Descending to the shrouded depths of the bottom floor of the Main Library, I am met by the man in charge of this beehive of student procrastination, caffeine quaffing and occasional academic research. John MacColl, MA MEd DipLib MCLIP, and Head Librarian for St Andrews, greets me along with two of his associates, Ewan McCubbin (Assistant Director) and Graeme Hawes (User Services Manager), in a well-lit board room overlooking the St Mary’s lawn.
Our interview attempts to look into his and his colleagues’ experience of the trials and tribulations of running this integral part of the University’s activity.
The main event he notes is the transformation of the Library itself, which has “escaped its 1970s timewarp” of mustard-yellow carpet, inadequate space and uninspiring architecture; Graeme Hawes agrees – “we recognise that the Library has to move with the times”. He notes the various areas which have improved, such as the modernised study rooms, electronic borrowing system and increased focus on student feedback, with the latter apparently of particular value to the staff in the Library:
“I think it’s important that we have a very good relationship with our students”. Mr MacColl shares this view: “The very fact that we have begun the investment in this building with the student experience right at the heart illustrates that it’s right at the top of the priority list.” Indeed, the Library website constantly runs surveys for student opinion, such as the ‘It’s Your Library’ series, with one particular success instigated by Director of Representation, Amanda Litherland, who campaigned for the decision to introduce 24/7 opening hours in the run up to exams.
It has been no easy task to transform the Library, however – “it’s been a battle for many years” Mr MacColl points out. The original plan was to invest above £40 million in a complete overhaul, including an expansion of the current building by around a third in size, which he frankly admits “never happened”. The main factor behind it, supposedly, was the Global Financial Crisis of 2007/8, leading to a black hole of funding.
He optimistically notes, however, that “there was subsequently an effort to recognise that the Library had critical problems, and that something needed to be done…The University Court approved a more modest approach, with current funding of about £14 million, including £3 million for the North Haugh, a £3 million increase on collections and about £7million for the Main Building.” Mr McCubbin is keen to reject the traditionally stuffy conception of a library: “The Library today means so much more than books – it means space, digital learning, social research,” he said.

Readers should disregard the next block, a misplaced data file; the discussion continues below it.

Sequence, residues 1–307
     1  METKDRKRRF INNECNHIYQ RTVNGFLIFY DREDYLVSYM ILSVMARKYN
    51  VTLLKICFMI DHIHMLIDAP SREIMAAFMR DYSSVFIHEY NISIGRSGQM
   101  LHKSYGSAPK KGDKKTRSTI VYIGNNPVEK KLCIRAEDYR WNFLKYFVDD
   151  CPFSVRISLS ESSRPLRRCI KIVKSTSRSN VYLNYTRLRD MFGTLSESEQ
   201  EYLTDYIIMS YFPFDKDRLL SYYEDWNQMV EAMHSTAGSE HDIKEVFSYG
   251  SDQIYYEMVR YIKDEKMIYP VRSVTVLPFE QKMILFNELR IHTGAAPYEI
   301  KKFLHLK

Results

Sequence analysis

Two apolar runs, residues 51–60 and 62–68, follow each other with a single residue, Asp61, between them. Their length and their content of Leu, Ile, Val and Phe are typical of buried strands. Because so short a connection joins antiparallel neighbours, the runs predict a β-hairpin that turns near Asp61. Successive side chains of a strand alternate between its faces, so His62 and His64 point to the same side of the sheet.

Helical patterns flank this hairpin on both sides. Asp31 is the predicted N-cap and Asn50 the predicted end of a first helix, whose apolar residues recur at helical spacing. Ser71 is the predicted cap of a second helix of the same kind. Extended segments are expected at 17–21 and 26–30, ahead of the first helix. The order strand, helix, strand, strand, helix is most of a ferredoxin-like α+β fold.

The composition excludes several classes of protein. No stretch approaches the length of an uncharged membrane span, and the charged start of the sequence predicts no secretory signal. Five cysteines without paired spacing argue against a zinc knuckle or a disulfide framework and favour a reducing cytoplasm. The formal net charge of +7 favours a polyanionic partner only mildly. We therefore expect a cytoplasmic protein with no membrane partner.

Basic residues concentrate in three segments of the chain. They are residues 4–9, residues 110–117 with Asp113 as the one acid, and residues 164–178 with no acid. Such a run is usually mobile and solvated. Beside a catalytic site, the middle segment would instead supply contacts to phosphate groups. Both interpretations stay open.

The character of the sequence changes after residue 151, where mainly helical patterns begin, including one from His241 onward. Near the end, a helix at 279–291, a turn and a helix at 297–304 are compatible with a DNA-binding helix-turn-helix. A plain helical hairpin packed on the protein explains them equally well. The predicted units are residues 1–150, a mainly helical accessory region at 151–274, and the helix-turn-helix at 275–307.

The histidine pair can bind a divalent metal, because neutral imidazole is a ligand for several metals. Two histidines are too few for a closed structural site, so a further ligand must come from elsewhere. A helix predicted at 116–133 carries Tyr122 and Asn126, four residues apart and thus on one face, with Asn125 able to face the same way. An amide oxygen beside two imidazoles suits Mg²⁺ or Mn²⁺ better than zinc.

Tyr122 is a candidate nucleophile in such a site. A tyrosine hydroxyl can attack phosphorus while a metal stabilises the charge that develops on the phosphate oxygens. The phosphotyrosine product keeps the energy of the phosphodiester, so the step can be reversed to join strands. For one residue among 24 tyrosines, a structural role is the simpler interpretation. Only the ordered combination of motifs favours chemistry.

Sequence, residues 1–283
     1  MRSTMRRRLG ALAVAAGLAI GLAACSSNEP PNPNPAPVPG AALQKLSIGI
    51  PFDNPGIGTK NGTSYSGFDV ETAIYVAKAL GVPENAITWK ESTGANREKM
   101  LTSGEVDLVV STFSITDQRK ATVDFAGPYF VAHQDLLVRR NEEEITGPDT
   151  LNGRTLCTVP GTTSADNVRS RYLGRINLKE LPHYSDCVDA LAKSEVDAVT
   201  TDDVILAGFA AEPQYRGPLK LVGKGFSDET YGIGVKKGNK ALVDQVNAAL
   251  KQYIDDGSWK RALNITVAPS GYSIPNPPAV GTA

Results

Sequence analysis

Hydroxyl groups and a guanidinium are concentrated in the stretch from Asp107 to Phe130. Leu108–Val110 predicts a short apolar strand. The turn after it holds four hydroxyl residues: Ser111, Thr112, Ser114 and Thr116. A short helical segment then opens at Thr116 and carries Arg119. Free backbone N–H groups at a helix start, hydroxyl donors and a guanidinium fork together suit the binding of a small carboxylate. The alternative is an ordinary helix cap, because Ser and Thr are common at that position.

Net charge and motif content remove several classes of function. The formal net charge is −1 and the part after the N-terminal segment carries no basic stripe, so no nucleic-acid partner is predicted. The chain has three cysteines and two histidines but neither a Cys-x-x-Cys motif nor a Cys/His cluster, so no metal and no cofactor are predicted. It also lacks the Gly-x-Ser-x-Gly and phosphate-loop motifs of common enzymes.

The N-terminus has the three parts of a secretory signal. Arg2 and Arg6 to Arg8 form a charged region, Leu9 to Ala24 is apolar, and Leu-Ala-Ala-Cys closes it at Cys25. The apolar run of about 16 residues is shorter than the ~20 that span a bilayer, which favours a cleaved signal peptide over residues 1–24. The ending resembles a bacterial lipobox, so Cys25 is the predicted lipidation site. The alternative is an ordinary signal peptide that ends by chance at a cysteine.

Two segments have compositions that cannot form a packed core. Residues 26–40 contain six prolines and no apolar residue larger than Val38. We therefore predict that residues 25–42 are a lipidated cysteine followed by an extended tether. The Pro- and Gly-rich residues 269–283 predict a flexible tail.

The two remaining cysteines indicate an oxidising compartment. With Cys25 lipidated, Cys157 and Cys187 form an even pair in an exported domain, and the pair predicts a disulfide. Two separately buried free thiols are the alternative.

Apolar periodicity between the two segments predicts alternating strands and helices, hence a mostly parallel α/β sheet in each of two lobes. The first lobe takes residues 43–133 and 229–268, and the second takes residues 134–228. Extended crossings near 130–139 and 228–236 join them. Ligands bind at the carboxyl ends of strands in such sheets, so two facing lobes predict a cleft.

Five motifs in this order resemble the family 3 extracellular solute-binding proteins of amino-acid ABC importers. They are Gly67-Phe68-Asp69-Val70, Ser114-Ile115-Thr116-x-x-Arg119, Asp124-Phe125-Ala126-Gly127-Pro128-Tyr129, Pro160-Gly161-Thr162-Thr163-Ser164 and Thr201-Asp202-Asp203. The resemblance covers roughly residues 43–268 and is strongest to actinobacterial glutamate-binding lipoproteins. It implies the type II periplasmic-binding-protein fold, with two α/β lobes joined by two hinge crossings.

It is a pattern which echoes the Library’s turbulent past – it is apparently a “constant game of catch-up” with other universities who have secured more funding in earlier years to expand their libraries, during the ‘70s in particular, so that St Andrews is keen now to level with other research-intensive institutions.
I ask about the other, more day-to-day challenges of running the Library. Mr Hawes responds, citing the challenge of catering for the diversity of users and their “different expectations” – “what you might expect from the library, be it social spaces, coffee rooms, is quite different from maybe a researcher who wants silence and plenty of space for their materials.”
Given the multitude which the Library attracts on a daily basis, did he ever feel that it was misused? He replies that he is aware of the Spotted: St Andrews Library Facebook page, but doesn’t seem perturbed: “the vast majority of students use the library appropriately, and we have no problems with them.”
I push for more details, but apparently the only incidences of the euphemistically termed ‘Non-Academic Misconduct’ have been few and far between: McCubbin points out that “I can count on the fingers of my right hand the number of times that we’ve had to get involved.” Mr Hawes puts this in context – “considering we had 960,000 visitors to the Library, the number of times we’ve had to step in is miniscule.”
The Library, of course, remains a vital part of the functioning of the University and the work of its students, though the amount of work done behind the scenes is perhaps underappreciated. It is testament to the hard work of this team that it has not only been able to make so much progress from its chequered past, but remains a constantly evolving entity which can celebrate both its rich history and strive for forward-thinking. John MacColl, a man of many letters, is also a man of many books, and it is his passion for the written word which continues to keep St Andrews’ Library at the forefront of student resources.